Anonymoussays:

Re:

and then start dealing with what is actually causing such extremism

A major cause of extremism is the great disparity in wealth between rich and poor, and first and third world.

The western Roman empire fell not because those outside the empire hated its way of life, but rather because they wanted a share of that way life.

OAsays:

Re:

Agreed.

Extremism / radicalization is spreading so efficiently because we don’t recognize their root causes. We recognize causes that are immediately adjacent to manifestations that we consider important; like terrorism. By the time is gets that bad allowable responses have deteriorated and narrowed into “war responses”. This is true in many, MANY domains not just international relations.

The big names, like Terrorism, “suck all the oxygen out of the room”. The fabric of our collective lives is the real monster that gives birth to these relatively baby monsters.

Anonymoussays:

Re: Re:

“Extremism / radicalization is spreading so efficiently because we don’t recognize their root causes.”

No, it spreads because of ignorance. Fear, the root cause, is well known and understood. The problem is the fact that people do not wish to remediate their ignorance.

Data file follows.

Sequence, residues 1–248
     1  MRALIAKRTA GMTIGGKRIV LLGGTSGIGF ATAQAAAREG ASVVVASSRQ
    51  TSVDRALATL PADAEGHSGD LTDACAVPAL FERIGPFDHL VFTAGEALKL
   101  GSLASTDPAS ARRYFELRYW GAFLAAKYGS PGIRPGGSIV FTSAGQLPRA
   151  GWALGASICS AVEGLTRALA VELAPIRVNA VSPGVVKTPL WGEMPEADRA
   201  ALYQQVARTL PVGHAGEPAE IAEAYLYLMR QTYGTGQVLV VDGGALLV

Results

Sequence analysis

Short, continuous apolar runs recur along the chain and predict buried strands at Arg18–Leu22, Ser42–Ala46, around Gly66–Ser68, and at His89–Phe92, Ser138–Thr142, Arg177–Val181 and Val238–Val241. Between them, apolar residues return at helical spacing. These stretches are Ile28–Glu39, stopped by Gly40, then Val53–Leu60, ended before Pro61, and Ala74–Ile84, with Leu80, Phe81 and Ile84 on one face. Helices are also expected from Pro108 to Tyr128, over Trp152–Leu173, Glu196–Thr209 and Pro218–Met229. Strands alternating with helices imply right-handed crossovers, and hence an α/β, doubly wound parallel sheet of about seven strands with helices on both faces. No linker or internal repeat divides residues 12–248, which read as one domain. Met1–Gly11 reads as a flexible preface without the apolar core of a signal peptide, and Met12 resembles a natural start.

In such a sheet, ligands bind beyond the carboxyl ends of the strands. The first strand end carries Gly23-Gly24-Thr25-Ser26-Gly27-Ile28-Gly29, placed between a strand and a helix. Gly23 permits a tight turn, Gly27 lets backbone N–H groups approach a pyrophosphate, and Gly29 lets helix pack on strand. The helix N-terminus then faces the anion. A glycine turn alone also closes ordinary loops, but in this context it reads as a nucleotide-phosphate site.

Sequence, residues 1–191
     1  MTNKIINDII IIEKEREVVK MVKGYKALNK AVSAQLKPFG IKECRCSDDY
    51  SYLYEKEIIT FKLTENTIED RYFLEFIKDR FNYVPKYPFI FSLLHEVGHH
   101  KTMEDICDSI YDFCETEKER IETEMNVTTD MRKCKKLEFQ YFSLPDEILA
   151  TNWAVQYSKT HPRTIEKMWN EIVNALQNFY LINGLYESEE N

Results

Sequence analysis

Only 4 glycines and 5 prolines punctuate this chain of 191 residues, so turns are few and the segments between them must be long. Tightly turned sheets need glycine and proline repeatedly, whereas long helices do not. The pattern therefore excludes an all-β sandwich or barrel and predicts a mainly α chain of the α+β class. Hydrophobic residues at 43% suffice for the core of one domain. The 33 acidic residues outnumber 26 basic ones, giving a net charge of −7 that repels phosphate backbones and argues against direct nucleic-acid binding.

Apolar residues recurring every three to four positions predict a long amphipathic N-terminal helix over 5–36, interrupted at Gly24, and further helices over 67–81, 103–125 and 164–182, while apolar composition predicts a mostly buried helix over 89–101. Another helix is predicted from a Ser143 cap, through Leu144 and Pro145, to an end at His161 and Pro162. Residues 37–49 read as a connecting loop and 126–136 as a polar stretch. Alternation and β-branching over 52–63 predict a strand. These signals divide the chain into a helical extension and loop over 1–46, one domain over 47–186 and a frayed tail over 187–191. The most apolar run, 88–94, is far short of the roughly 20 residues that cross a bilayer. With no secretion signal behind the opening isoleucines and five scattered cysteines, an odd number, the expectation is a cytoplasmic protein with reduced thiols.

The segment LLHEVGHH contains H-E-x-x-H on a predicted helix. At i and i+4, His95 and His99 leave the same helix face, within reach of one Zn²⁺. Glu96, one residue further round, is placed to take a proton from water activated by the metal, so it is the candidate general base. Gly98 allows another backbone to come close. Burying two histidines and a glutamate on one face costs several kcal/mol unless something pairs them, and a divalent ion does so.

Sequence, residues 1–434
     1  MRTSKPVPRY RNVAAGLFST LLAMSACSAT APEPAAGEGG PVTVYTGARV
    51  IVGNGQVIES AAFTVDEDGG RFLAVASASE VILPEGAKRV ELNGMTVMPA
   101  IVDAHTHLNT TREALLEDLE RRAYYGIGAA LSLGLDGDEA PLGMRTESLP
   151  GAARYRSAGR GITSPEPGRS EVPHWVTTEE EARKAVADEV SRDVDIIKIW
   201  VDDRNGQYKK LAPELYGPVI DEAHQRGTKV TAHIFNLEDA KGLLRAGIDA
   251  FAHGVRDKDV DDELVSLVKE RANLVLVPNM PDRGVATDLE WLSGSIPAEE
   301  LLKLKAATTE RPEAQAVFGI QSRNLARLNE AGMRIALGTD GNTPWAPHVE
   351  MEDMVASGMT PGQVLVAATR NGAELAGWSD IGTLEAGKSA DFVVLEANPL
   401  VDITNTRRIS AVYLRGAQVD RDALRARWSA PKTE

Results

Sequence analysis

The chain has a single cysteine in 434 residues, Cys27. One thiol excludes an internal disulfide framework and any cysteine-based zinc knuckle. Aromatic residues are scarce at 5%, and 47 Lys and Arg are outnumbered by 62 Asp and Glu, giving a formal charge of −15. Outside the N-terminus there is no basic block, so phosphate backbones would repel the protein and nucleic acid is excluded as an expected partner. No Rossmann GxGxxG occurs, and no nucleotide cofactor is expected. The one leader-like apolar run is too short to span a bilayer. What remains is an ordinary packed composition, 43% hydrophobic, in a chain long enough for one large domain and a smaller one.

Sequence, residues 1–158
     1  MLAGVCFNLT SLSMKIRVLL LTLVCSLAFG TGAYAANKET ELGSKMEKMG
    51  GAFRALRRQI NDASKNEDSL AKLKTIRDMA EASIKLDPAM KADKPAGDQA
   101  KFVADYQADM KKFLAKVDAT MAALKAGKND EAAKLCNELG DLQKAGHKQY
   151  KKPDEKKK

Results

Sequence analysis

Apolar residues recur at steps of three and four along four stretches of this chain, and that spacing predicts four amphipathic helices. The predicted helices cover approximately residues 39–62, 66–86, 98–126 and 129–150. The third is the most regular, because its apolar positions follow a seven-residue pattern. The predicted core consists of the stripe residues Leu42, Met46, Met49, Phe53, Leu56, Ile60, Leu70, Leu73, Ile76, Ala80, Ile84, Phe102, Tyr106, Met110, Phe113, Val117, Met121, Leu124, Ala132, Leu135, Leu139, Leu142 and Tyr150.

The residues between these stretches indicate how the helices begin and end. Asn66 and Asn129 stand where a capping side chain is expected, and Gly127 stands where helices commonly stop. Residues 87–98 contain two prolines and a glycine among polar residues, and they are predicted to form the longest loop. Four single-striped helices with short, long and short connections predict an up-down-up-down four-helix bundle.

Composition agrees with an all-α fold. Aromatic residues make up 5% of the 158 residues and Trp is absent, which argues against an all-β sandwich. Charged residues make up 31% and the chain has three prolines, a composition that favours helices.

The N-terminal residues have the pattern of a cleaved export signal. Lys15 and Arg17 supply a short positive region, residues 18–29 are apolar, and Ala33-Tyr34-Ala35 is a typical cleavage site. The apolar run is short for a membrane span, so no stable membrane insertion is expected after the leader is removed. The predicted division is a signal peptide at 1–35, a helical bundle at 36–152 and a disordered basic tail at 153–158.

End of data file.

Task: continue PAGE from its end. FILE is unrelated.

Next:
Thank you for being a part of the cycle of ignorance!

naschsays:

Re: Re: Re: Re: Re: Re:

I think what he means is that to “the rest of the world” wealthy means having: so much food you could actually throw some of it away; a car; electricity that actually works all the time; hot and cold running water (or even just reliable clean water); medicine when you need it. And so on.

naschsays:

Re: Re: Re: Re: Re: Re: Re: Re:

I don’t know about that – if I can be so bold as to risk putting words in his mouth, I think his point is that it’s not just the yacht crowd that is building up a disaster for themselves, but more or less the entire developed world. And that seems relevant. I don’t know that he’s right, though.

Anonymoussays:

Re: Re: Re: Re:

You’ve missed his point. If there are people that are that rich, there’s clearly enough resources to go around so that there could be no one in abject poverty.